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Cancer Microbiology (CM)

The Cancer Microbiology (CM) Research Program explores associations between microbial infections and human cancer and accelerates clinical applications of basic science findings. CM has been at the forefront in defining a shift in cancers from classic AIDS-defining cancers to non–AIDS-defining cancers in aging patients on long-term antiretroviral therapy (ART). The goal of the Program is to promote research to discover and clarify the underlying causal relationships between microbial infections and human cancer. Towards this end, CM provides an interdisciplinary and collaborative program structure to accelerate new insights and increase efficacy for therapeutic and preventive cancer interventions.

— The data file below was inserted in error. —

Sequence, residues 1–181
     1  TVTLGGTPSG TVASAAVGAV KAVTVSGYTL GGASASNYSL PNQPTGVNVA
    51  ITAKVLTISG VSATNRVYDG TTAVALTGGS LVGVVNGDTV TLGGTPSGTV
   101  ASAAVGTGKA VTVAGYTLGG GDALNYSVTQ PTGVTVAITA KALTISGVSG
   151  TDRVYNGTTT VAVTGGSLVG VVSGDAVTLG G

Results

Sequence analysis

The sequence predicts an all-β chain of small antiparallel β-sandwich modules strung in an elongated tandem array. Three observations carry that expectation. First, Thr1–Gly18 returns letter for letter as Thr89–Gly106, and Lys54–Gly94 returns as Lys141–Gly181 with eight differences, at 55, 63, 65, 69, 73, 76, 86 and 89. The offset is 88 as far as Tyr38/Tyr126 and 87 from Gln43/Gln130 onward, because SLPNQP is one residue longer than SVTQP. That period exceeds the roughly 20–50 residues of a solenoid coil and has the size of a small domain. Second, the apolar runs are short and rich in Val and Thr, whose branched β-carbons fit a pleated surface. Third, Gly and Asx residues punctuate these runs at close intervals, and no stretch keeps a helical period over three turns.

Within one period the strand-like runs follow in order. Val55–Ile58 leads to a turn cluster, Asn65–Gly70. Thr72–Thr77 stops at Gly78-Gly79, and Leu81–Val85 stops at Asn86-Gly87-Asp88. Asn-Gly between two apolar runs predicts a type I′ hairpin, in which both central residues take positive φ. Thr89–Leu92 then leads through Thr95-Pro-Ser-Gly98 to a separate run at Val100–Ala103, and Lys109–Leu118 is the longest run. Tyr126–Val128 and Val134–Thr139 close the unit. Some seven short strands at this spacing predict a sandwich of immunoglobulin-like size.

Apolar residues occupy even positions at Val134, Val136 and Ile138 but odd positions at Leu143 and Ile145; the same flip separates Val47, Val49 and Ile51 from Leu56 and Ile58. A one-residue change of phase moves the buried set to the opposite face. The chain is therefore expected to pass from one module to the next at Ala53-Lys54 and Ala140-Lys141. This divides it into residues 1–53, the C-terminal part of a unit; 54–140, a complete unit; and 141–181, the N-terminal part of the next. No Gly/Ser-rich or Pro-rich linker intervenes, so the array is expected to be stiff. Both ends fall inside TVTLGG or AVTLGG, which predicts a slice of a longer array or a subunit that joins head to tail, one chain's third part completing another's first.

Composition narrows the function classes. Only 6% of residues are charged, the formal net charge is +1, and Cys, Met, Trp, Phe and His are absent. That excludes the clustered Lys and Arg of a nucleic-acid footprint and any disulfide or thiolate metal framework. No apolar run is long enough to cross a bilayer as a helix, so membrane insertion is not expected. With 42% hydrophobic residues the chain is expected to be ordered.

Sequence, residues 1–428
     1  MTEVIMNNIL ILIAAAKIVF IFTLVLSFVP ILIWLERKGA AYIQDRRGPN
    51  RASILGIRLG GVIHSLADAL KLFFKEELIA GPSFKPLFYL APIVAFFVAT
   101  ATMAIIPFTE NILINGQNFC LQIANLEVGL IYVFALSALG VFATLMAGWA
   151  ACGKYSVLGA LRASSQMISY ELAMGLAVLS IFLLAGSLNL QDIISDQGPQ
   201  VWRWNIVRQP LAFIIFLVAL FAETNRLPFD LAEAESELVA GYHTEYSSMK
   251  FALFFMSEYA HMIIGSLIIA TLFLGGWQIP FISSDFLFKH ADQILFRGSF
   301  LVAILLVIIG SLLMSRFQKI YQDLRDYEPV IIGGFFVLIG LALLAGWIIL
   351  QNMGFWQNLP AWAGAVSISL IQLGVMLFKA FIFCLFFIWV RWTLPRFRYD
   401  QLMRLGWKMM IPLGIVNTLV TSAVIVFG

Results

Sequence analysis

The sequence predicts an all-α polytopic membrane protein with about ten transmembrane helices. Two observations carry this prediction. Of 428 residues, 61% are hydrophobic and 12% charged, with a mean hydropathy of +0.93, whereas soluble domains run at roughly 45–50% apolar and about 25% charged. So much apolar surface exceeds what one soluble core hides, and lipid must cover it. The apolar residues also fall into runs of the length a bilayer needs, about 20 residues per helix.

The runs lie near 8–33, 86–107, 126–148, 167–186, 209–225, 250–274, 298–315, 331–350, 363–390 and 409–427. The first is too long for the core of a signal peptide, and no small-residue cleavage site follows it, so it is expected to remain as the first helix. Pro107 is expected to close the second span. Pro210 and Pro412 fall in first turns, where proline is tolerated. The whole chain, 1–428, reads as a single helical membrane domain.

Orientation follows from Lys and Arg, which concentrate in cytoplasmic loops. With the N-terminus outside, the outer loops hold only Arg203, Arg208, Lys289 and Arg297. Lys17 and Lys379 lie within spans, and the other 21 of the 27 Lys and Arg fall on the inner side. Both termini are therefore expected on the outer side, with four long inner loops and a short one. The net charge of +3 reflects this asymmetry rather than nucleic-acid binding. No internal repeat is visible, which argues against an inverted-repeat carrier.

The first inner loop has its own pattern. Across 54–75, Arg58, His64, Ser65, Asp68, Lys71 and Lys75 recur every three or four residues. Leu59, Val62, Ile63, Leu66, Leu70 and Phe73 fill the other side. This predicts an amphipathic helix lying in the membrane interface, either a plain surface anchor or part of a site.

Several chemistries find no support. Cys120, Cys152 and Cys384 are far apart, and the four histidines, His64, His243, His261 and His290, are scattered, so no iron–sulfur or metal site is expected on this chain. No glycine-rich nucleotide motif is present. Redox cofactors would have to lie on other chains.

The main research and translational activities of CM include human tumor viruses, viral immunology and vaccines, associations between bacterial infections and cancer, and the connection between HIV/AIDS and cancer. The program leaders are Dr. Walther Mothes and Dr. Amy Justice.

The goals of the Cancer Microbiology Research Program are to:

  1. Elucidate molecular mechanisms of tumorigenesis by viruses and other infectious agents
  2. Provide the scientific basis for novel treatment and prevention approaches against virus- and other infection-associated cancers